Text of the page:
By far the most oddly-named Mexican restaurant we frequented in Albuquerque was the Sanitary Tortilla Factory.  While we were expanding our waistlines there, we couldn’t help but wonder: “sanitary” as compared to what?  I was surprised and impressed by the four-page 1984 New Yorker magazine profile of the downtown restaurant that was framed on one of its walls.   However, the Tortilla Factory fell out of our favor, although not because of the quality of its food, which was consistently high, or, for that matter, its hygiene.  After a dozen visits, we realized our final charges were being regularly arrived at not electronically, but as a result of the mental arithmetic―the creative mental arithmetic―of the regular cashier, and that we were being routinely overcharged―true, only by nickels and dimes, but enough to add up, and to irk us.

Monroe’s, Tiny’s in Santa Fe, Garduño’s, Barelas Coffeehouse, Anthony’s at the Delta in Española, Padilla’s, La Posada, Cervantes, El Bruno’s in Cuba, Paul’s Place, Casa de Benevidez, Little Anita’s, The Owl Café in San Antonio, Mac’s La Sierra, El Norteño: the number of Mexican restaurants Linda and I visited, individually and together, multiplied rapidly in just a matter of months in New Mexico.  We just couldn’t get enough of that heavenly chile.  It held us hostage, excited some heretofore unknown receptor in our brains.  We took to it like a child takes to ice cream, like the desert takes to silence and stillness.


Four Corners Sojourn – Part 4

Determined to get even closer to the Four Corners, and certain that I would be sleeping under a sea of stars, I left Shiprock, heading west into Arizona. As I drove, I knew that somewhere not far to the south loomed the legendary rock formation that gave Shiprock its name, but I was unable to see it in the darkness beyond the lights of my car.

At a place named Teec Nos Pos, I pushed north on an even more remote highway, well aware that it was late, yet hoping that, in the light of a new day, I would find myself among those grand and colorful mesas and canyons, vibrating with broken rock, that I associated with Moab. After some five miles, I paused at the junction of a road that, according to a sign, led to the Four Corners Monument. I consulted my map: the monument was less than a mile away. I stepped out of the car, its motor and lights off. When my eyes adjusted to the starlit darkness, I looked around: no grand cliffs and canyons, not even a manmade structure; just a bland, rolling, nearly treeless upland. Thus, my introduction to the Four Corners: a cartographer’s curiosity, and some additional income for the Navajo nation (an entrance fee to the monument was required), but beyond that, not much. Small wonder each state provided a mere corner of itself to the place.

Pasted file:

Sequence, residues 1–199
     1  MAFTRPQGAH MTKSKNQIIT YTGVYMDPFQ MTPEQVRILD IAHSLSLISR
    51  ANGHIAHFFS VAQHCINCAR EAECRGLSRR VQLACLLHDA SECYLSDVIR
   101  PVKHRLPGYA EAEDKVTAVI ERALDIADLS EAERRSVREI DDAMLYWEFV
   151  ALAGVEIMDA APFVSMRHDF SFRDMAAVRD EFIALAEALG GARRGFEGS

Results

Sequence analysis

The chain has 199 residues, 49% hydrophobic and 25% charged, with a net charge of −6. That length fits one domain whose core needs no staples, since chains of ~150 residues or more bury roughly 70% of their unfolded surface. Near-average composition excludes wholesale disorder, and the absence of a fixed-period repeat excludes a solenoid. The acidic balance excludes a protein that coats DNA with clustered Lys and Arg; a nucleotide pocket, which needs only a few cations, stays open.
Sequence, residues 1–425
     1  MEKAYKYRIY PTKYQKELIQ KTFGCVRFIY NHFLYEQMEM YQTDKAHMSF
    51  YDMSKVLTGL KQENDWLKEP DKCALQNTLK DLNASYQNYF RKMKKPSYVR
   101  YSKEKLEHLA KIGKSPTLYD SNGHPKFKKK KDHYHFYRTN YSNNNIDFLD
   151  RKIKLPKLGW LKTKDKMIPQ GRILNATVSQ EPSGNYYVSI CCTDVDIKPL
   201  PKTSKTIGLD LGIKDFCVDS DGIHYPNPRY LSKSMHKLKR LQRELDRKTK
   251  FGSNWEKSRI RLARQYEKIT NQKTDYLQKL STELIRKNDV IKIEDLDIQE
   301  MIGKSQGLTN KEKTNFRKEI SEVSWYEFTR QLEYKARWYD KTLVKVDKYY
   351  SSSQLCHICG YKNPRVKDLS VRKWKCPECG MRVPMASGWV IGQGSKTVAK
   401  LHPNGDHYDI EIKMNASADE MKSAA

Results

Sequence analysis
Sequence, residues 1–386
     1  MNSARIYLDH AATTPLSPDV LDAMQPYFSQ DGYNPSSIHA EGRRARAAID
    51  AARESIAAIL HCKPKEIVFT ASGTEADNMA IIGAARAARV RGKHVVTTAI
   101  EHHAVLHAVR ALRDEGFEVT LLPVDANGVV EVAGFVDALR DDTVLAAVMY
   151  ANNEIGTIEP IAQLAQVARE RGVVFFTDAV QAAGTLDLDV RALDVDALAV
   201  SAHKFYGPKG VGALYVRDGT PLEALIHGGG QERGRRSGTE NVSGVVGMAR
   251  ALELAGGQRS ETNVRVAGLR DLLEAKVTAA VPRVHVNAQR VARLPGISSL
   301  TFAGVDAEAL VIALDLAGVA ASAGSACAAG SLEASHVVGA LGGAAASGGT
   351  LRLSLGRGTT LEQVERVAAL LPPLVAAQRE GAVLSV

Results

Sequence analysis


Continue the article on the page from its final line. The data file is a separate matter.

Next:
I resumed my drive in a northeasterly direction, but, exhausted, I soon stopped. Wary of sleeping on the ground so close to the highway, yet equally wary of bumbling off into the gloom with a loaded pack on my back without a flashlight, I lowered the back seat of Little Red, raised the hatchback, crawled in like a furtive high-desert creature. I didn’t know which of four possible United States I was in, and the mystery gave me a cheap thrill. Crumpled in my car, I spent a nearly sleepless night.

Dawn found me, to my surprise, at the top of a slope that led briefly down to a broad river, the San Juan, which I had skirted in Shiprock the previous night. I hastily repacked my gear and continued northeast. I passed a sign welcoming me to Colorado, so I assumed I spent the night in New Mexico. I crossed the San Juan, which flowed through a dismal landscape of barren gray hills, its shoreline dense with squat trees yet to leaf out. Other than the highway and a littered parking area beside a brief trail that led to the river bottomland, the area was devoid of any traces of humanity.

Immediately upon climbing out of the river basin, I pulled the car over and had a breakfast. Hungry as I was, I would have liked five scrambled eggs smothered in chile verde, a side of chorizo sausage, and two ten-inch flour tortillas, but I settled for my stewed apricots and coffee. As I ate, I studied Shiprock, not the city, but the actual geological formation, the Navajos’ “rock with wings.” It stood 25 miles to the southeast, aglow in the sunrise, jutting above a horizon of dun-colored tableland, like a lone, worn tooth of a saw blade.

Driving on, I turned, at a junction as desolate as the one that led to the Four Corners, onto a highway that led west to Bluff, Utah. After Aneth and Montezuma Creek, two reservation towns of ramshackle trailer homes, cars and trucks on blocks, muddy roads, and roaming dogs, I finally returned, just east of Bluff, to the red rock country that recalled Moab. Bluff was a tiny, tidy town with a grocery store, motel, homes that were actually built there, and even some lawns. Great sandstone formations hugged the north side of the town.